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Kent man Charles Buckingham to stand trial in Paul McCauley murder case after legal challenge fails

By George Jackson

A businessman from England has failed in his legal challenge to have three charges against him, which are linked to the sectarian murder of Catholic civil servant Paul McCauley, dropped.

In a reserved judgment at Londonderry Magistrates Court, District Judge Barney McElholm said he was satisfied that the defendant, Charles Buckingham (61) from Margate in Kent, had been properly connected to the charges and that the prosecution should continue.

The charges relate to the murder of Mr McCauley who died last June, nine years after he sustained critical brain injuries when he and two other men were attacked by a loyalist mob as the victims were attending a barbecue in the Waterside area of Derry on July 16, 2006.

Two local men are currently on bail awaiting trial for Mr McCauley's murder, they are Piper McClements and Matthew Gillen, who is an employee of the defendant. Buckingham is charged with withholding information from police about Mr McCauley's murder, with withholding information about an offence of grievous bodily harm with intent and with withholding information of an offence of attempted grievous bodily harm with intent.

The businessman is alleged to have committed the three offences last December 16.

His prosecution follows a conversation he had with the defendant Gillen when they were both in Scotland last December. Their conversation was secretly recorded by the police and after the defendant Buckingham failed to pass on the information Gillen had told him about the incident in Chapel Road, he was arrested on April 6.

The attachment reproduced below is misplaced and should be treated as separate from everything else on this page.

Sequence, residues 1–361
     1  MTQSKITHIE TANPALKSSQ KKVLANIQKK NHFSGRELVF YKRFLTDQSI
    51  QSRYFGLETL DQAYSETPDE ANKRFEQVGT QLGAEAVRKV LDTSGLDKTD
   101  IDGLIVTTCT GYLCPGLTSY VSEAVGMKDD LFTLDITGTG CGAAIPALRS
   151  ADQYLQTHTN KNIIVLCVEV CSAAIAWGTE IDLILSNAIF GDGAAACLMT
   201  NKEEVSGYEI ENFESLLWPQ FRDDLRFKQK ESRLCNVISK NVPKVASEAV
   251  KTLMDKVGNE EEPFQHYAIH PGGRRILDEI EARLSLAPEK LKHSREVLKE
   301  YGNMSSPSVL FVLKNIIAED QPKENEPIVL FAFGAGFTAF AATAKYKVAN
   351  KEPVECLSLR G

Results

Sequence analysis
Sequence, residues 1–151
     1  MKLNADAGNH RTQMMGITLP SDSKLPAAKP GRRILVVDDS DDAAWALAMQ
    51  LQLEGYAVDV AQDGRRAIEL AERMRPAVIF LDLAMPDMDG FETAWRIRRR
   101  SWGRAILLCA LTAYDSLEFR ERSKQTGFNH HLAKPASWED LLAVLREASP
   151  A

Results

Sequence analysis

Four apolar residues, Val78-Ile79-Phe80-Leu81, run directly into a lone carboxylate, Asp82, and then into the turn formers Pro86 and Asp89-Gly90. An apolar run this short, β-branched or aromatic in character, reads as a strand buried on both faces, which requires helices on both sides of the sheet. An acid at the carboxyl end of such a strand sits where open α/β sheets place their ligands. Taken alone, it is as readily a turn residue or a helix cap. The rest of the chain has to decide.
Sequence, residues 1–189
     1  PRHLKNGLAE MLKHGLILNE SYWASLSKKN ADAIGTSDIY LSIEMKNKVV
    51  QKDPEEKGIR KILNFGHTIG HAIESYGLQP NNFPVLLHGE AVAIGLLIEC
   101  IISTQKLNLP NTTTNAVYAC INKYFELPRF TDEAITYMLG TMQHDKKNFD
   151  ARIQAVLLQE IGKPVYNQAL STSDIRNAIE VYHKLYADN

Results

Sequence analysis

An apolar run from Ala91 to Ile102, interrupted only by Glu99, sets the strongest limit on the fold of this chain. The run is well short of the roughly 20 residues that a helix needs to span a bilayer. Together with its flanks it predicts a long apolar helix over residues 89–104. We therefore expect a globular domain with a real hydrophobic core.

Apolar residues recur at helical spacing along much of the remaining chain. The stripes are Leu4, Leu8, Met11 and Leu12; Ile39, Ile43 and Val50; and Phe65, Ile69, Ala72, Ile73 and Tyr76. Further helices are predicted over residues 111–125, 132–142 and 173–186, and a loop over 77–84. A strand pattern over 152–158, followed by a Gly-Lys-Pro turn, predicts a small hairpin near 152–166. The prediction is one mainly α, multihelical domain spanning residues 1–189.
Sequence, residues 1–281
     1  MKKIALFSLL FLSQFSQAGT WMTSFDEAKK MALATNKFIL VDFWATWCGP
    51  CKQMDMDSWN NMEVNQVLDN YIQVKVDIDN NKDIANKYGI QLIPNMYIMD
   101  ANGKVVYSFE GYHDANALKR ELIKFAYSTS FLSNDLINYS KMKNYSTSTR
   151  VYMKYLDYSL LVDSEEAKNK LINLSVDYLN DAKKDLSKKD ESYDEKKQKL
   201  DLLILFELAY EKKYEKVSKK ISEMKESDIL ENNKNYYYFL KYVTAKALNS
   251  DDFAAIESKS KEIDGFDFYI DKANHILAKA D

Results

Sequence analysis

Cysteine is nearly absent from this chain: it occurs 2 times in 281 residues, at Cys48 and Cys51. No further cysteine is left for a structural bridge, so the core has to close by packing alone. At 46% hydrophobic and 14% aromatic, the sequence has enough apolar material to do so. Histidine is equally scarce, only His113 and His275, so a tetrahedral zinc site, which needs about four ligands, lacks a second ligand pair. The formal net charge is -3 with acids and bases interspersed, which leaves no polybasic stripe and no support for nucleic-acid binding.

Buckingham's legal team argued that because the alleged offences of withholding information had occurred in Scotland, the Public Prosecution Service (PPS) in Northern Ireland had no jurisdiction there and therefore the defendant could not be tried for the alleged offences.

Mr McElholm said the law stated that there were no geographical limitations in respect of police investigations, adding even though the defendant Buckingham had never set foot in Northern Ireland, he believed a person did not have to be present in a jurisdiction to commit a crime there.

There was, he said, no territorial jurisdiction.

The case was adjourned until August 24 for an update from the PPS.

Belfast Telegraph


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